Tuesday, 3 February 2009

Trooper 4th Gussars

I recently received a batch of original Hinton Hunt painting instruction sheets from Don including this one for the Hussars I featured in my last post. Whilst perusing these Mrs S commented that, as they had been typed on a manual typewriter (long before the invention of the word processor) the copies were all created using carbon paper. This meant that each time an original was typed only a maximum of four or five copies could be made and explains why the paper is so flimsy.

I also have a couple of these sheets that are printed on normal paper and at first glace they look like photocopies but of course they can’t be as they date from the early 1970’s. Mrs S is sure that they were created using a stencil cut with a typewriter and then reproduced in a very messy duplicating process (she did this sort of thing at school apparently – glad I did woodwork). Making any corrections to either a carbon copy or a stencil is rather difficult so it’s no wonder there are a few typos on these HH sheets.

Well there you have it a little bit of office technology history. If you click on the image for a closer look and then take a glance at G & H on your keyboard, you will understand why they’re the 4th Gussars.


lewisgunner said...

Indeed they were produced on a 'banda' duplicator. The typist used a skin which was pierced by the keys and then applied to an inked drum . The drum was spun by a handle and paper fed in to take the impression.

Must say your good lady looked too young to remember that sort of thing Ian

Stryker said...

Roy - I have to be careful here and say that "of course she is" just in case she reads this. Her interest also stems from the fact that she has written 14 text books on Office Administration topics.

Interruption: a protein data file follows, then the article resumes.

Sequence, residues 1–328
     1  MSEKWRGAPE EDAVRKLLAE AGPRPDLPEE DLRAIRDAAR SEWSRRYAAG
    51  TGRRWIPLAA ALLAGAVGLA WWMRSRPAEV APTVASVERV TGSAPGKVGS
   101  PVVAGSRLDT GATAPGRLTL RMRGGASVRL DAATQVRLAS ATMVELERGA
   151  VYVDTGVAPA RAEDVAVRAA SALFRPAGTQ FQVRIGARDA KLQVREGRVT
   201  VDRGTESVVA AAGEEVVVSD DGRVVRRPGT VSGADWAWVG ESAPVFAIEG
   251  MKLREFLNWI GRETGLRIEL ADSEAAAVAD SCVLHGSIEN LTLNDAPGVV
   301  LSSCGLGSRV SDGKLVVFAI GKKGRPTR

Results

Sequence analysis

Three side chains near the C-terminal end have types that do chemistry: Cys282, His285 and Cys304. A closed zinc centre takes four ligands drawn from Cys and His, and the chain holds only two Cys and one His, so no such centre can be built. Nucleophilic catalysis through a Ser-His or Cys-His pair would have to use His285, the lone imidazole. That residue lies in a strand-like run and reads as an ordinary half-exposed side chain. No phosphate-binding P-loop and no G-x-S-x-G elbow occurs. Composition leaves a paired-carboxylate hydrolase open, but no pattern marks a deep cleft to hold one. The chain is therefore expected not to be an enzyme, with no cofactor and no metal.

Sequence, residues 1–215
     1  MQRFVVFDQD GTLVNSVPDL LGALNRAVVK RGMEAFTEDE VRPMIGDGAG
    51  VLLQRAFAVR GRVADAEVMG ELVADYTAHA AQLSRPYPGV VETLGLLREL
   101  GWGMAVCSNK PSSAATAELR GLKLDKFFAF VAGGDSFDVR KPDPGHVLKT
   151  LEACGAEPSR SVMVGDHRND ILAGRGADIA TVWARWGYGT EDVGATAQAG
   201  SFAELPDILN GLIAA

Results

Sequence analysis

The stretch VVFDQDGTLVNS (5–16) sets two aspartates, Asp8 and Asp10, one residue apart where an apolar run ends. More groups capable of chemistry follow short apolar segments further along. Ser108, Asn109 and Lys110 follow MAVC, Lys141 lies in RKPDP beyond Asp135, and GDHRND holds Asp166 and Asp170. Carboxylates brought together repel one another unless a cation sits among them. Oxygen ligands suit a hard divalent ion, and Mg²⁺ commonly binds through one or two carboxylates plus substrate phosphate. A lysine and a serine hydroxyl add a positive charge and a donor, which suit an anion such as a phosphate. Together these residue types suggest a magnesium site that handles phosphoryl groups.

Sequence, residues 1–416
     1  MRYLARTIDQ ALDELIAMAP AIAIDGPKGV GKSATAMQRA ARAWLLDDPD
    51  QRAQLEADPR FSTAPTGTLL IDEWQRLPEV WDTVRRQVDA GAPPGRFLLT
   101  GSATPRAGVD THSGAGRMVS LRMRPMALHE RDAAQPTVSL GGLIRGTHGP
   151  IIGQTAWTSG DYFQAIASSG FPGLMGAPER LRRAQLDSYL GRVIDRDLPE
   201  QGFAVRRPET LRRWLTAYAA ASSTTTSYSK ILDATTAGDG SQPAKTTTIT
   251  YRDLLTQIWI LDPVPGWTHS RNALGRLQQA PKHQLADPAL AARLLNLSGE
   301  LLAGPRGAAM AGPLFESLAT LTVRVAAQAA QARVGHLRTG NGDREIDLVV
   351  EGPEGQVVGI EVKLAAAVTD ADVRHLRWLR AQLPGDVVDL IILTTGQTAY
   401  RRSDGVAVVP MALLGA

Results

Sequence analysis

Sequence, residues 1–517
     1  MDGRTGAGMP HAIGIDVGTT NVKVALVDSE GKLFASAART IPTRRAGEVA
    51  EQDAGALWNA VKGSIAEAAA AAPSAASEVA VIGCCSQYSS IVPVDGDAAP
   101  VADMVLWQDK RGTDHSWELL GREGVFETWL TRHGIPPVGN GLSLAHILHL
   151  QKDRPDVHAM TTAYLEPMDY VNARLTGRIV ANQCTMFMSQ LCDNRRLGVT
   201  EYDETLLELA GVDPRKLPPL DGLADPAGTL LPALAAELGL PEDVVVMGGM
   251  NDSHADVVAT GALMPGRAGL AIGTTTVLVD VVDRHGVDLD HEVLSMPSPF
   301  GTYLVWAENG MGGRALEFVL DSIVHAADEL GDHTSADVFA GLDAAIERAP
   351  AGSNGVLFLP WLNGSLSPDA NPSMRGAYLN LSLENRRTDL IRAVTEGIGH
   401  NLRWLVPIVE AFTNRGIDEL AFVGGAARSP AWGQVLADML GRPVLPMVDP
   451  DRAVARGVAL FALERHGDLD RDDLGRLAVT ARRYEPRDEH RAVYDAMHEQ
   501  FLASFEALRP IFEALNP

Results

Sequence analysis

Jay Stribling said...

Just a couple of comments about copies. A copying process called a "Hectograph" used a tray with solidified gelatin to absorb ink from one master typed sheet. Then additional blank sheets would pick up ink if they were carefully placed on the gelatin. After making copies, the gelatin could be melted and re-solidified with the ink sinking into it, leaving a blank surface for re-use.

Also Xerox-process dry copiers were available in the late 1960s. I still have copies that I made at the university library in 1968 for 10 cents US per page.

Anonymous said...

I used to own a "Thomas Salter" print set. Indiviual letters had to be placed into grooves on a red handled block and then dipped in an ink pad. If you spelt it wrong at the beginning of a line you had to pull them all off again!

Think Dog fer tha keybeard!


Stryker said...

Hi Mutt - Thanks for that, I had the same thing but in my day (being a little older than you) it was a "John Bull" printing set!